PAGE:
The King was in France during 1275; Archbishop Walter acting as one of the guardians of the realm during his absence.

In 1276 Giffard held another visitation of the Religious Houses in his Diocese, which resulted in his ordering the Abbot of Cirencester to remove the Prior, who, among other vices, was said "to have squandered the goods of the Church in a bestial manner [1]" The Prior of Llanthony was ordered to correct various abuses in his house, such as allowing laymen to come into the house to feast. Giffard also directed his Archdeacon to inquire into some 18 matters, one of which, a most fruitful cause of discord, was to ascertain the names of all rectors who had obtained ecclesiastical benefices after the Council of Lyons, and to what orders they were ordained. That Council required all rectors to take Priest's Orders within two years or forfeit their benefices [2].

The quarrel betwen the Bishop and the Earl of Warwick proceeded on other than mere legal points. The Earl was led to believe that his father had not been really buried at Worcester; he accordingly came there, caused the grave in the Cathedral to be opened; there he found his father's body, which he recognised by certain marks on it [3]. For this outrage the Bishop at once excommunicated him. In October the King came to Worcester on his way to Evesham.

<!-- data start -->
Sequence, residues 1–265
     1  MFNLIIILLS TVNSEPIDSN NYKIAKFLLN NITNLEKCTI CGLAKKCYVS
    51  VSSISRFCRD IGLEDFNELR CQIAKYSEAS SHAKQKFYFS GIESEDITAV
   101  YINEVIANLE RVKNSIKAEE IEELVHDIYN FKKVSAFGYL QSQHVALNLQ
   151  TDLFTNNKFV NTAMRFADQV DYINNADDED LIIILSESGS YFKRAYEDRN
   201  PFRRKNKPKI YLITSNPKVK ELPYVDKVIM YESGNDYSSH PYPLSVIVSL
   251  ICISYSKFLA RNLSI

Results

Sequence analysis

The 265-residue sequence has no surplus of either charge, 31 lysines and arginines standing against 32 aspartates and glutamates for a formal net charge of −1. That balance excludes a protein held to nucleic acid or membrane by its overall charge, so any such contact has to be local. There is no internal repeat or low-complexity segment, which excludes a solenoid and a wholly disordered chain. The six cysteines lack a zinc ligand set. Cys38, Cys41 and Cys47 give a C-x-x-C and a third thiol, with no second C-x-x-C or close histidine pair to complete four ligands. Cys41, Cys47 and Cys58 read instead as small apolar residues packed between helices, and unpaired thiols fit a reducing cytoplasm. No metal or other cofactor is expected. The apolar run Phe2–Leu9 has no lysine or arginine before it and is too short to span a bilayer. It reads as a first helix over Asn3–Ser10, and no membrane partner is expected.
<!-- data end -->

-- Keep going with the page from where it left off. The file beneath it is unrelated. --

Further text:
In 1277 Giffard again tried reforming the Religious Houses: he ordered his Official to enquire into their state - if they were decayed in spiritual and temporal things by the negligence of their heads [4]. The Welsh war, which after Edward's expedition to Wales ended in Llewellyn's submission, occupied most of the year. Llewellyn came, when peace was made, to London, and after his return to Wales Eleanor de Montfort was to be sent to him [5].

In the autumn of the year the Minister General of the Franciscans, "Brother Jeromy", as the Register calls the celebrated

[1] Reg. 87.
[2] Reg. 90.
[3] An Wig. 471.
[4] Reg. 92.
[5] An. Wig. 473.


Jerome of Ascoli, afterwards Pope Nicholas IV., wrote from Paris to the Bishop, asking if he would be admitted as a Brother of the Order [1]. The reply does not appear, but either then or afterwards Giffard became a Minorite Friar. Possibly at this time he had other matters which more urgently required his attention. In 1278 he was appointed a Justice in Eyre for Herefordshire, Hertfordshire and Kent.

In this year the Bishop began his quarrels with the Worcester monastery. The Prior forbade the Sacrist attending to the Bishop's business, giving as a reason that certain new statutes made by the General Chapter of the Benedictine order forbade the Sacrist doing it [2]. The Bishop at once wrote to the Prior stating that the statutes were unreasonable, and directed the sacrist for the future to obey his orders. Giffard also ordered his Official to proceed with his enquiries as to religious persons and religous houses who had "damnably committed enormities against their rules", and to correct them [3]. One of these offenders was the Augustine Canons of Bristol. The Bishop found the services in their House were neglected, and that the Abbot was not sufficiently instructed to propound the Word of God [4].